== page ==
LCA-Vision (LCAV) provides laser vision corrective surgery at 76 locations in the United States. Demand for this surgery comes from those wishing to lose the glasses and contact lenses and get back to 20/20 vision. LCAV's stock has taken a huge beating as a result of the tough economic times, falling all the way from $45 last year to $3 this year. The main reason? A dramatic fall in revenues: demand for this expensive and discretionary surgery is quite cyclical, as we saw here.
But as we know, Wall Street is far too concerned with current earnings. As such, cyclical drops in demand allow those with long-term horizons to pick up companies at a bargain. But while the economy will pick up eventually, it's impossible to know when. As such, one of the most important things to look for with a company like this is its ability to survive a recession. In LCAV's case, it has a quick ratio of 2.2 (meaning payments coming due in the next year should not be a problem) and it has more cash than all of its debt (including short-term debt, long-term debt, and capitalized operating leases).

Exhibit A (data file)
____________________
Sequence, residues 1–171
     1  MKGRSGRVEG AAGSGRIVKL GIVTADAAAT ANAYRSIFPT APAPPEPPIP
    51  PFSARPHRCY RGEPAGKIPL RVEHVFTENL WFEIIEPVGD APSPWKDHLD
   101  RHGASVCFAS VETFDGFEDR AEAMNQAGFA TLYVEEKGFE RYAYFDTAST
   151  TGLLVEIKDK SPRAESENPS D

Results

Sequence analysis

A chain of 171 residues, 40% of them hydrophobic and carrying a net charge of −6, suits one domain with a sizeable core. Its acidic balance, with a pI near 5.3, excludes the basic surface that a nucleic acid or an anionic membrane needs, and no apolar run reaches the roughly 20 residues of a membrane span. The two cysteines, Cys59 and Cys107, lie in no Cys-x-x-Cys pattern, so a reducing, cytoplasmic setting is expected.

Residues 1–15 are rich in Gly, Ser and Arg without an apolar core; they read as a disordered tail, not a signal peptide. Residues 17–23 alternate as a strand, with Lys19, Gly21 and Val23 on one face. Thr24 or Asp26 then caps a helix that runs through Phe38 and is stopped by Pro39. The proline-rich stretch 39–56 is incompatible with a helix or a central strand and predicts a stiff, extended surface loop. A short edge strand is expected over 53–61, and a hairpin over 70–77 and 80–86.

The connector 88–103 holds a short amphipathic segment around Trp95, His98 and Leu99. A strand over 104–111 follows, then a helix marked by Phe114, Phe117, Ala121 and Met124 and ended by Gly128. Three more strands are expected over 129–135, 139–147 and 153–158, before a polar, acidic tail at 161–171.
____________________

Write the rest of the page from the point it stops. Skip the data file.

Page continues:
Its chief public competitor, TLC Vision (TLCV), is currently selling assets and reducing exposure to the volatile (from a demand point of view) laser eye surgery (40% of its business comes from other medical services) as it wrestles with a quick ratio well below 1, and a debt/capital ratio of 80%. Over the years, LCAV has handsomely outperformed TLCV in pretty much every profitability category.
For those who look at buying stocks for the long-term and like to buy when others are fearful, LCAV looks undervalued, and is in a financial position to wait out this downturn. While 2008 net income will likely be close to zero, for the previous four years net income has averaged $29 million a year, while the current market cap for the stock is just $67 million.